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Physical Analog Modeling

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Physical analog modeling is a well-established laboratory technique for reproducing the developmental sequence and overall geometry of geologic structures. In the models, rock strata are represented by table-top scale analog layers such as:

  • Sand
  • Claycake
  • Silicon putty

Analog models can be constructed and deformed in a number of ways to simulate real-world structures and test tectonic hypotheses. Construction of digital terrain models (DTMs) at different time steps, photography, and horizontal and vertical slicing of models enables in-depth characterization and quantification of model results.

The analog materials and deformation styles are selected to reproduce, at small scale, geometric and kinematic features of natural geologic structures. To simulate development of the geologic structures, the analog layers are deformed consistent with the observable geology.

Physical Modeling Laboratory

The Southwest Research Institute (SwRI) Physical Modeling Laboratory is a state-of-the-art facility designed to emulate a variety of tectonic settings for both oil and gas and planetary science applications. Updates and modifications increase the range of simulated geologic environments and maintain SwRI capabilities as an innovator in the field. Displacements are imparted to the models by gravity or programmable motor drives. The apparatus can be configured to represent most tectonic deformation style or combinations of these styles, for example:

  • Extension (normal faulting)
  • Contraction (reverse faulting)
  • Strike-slip faulting
  • Localized uplift or doming
  • Deformation of a brittle layer over a ductile substratum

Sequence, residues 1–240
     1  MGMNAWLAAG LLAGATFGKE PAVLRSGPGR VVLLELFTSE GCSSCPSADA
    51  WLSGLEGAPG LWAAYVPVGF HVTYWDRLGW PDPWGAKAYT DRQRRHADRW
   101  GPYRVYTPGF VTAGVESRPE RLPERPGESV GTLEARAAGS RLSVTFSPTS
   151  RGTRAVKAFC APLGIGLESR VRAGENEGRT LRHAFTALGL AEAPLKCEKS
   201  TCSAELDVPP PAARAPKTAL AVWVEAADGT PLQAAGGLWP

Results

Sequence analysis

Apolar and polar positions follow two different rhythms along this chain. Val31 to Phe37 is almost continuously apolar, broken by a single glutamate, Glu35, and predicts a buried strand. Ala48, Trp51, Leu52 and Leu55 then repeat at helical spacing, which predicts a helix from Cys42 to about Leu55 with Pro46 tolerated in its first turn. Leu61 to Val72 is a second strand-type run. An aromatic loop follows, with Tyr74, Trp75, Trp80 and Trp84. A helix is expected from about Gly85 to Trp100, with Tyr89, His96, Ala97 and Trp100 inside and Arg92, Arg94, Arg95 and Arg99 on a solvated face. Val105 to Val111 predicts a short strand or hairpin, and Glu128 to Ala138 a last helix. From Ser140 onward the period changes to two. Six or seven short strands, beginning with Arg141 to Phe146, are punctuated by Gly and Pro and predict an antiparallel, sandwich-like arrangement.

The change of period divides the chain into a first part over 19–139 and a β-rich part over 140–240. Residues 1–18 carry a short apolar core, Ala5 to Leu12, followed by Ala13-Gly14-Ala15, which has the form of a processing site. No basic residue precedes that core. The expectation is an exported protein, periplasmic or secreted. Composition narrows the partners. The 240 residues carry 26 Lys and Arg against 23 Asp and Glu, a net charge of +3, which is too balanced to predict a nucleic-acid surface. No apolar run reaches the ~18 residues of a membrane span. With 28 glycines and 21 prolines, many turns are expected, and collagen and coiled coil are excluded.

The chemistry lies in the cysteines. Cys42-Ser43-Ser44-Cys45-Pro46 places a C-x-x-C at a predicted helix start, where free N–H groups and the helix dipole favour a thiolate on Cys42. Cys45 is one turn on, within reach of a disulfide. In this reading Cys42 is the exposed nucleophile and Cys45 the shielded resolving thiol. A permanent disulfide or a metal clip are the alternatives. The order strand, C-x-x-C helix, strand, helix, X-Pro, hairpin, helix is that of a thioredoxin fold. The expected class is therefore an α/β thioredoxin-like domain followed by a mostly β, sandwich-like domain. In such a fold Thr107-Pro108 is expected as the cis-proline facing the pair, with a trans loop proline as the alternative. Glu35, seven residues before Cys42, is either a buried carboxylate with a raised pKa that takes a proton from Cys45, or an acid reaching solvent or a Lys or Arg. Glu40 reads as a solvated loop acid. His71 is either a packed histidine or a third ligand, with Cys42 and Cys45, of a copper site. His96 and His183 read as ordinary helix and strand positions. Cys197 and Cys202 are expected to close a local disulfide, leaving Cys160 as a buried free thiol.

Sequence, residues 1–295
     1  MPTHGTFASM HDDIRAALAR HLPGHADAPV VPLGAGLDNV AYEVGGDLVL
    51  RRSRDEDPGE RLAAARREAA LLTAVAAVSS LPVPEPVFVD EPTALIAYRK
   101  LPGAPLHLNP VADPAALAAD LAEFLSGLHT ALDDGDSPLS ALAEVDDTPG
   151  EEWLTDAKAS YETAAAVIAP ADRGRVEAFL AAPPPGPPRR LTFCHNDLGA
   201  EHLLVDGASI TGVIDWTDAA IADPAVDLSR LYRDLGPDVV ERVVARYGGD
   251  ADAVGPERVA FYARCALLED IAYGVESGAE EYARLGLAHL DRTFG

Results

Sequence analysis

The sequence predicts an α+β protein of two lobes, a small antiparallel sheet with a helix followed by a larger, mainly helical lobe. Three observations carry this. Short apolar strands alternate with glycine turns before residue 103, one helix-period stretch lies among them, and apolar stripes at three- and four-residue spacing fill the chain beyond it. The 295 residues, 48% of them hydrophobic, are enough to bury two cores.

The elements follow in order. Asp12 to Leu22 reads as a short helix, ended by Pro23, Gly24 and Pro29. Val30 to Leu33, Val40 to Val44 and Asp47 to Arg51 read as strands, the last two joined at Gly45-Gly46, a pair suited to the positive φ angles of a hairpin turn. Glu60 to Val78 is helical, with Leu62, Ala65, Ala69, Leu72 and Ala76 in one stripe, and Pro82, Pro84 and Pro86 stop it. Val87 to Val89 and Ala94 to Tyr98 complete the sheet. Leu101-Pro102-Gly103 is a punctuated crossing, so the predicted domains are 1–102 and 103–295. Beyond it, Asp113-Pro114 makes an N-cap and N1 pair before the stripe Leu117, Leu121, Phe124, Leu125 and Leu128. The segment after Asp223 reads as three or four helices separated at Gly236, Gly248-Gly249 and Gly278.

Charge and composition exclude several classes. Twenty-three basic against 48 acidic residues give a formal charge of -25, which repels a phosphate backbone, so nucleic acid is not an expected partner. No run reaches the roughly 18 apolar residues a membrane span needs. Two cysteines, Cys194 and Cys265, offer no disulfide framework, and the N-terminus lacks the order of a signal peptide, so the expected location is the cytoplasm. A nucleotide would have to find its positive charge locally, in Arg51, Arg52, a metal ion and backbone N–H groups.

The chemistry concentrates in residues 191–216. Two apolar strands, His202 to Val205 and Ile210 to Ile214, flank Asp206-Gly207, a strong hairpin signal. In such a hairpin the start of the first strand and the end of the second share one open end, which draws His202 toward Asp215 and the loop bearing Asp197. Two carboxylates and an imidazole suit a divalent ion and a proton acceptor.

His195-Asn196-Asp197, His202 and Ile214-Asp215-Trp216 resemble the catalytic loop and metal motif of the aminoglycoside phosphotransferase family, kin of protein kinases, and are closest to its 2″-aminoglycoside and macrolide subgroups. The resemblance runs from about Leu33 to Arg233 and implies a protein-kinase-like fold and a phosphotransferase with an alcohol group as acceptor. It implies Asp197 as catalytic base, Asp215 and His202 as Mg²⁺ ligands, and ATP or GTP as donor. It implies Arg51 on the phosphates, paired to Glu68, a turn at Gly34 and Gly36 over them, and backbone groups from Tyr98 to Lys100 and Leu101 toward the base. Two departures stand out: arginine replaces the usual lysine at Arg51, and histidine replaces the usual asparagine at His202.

Physical Analog Model Applications

Physical analog models:

  • Allow seismic interpreters to see three-dimensional (3D), kinematically and geometrically realistic simulations of geologic structures. Physical analog models are particularly useful for exploring fault system kinematics where real world analogs are not accessible
  • Provide quantitative data for input to seismic interpretation and numerical models, including finite element modeling and reservoir simulation
  • Can be configured at a range of scales: crustal, basin, field, and outcrop, including structures below the detection limits of seismic methods
  • Show geometric development of complex structures (data vital for modeling the petroleum system through maturation, migration, and reservoir charge stages)
  • Can be used to test a variety of tectonic histories. By calibrating model results against natural structures, tectonic history can be incorporated into the interpretation of complex structures
  • Aid in the interpretation of fractured reservoirs, including information on fracture density and fracture orientation
  • Provide understanding of fault geometry in faulted reservoirs or faulted aquifers.


Still photographs are used to document the pre-, syn-, and post-kinematic stages of the experiments. While deformation is active, models are photographed from above at set intervals and with a variety of illumination angles. Photographs are also taken from various angles and magnifications throughout the experiment and are keyed to displacement magnitude. Vertical and horizontal slicing after model deformation allows analysis and photography of the internal structure of the model.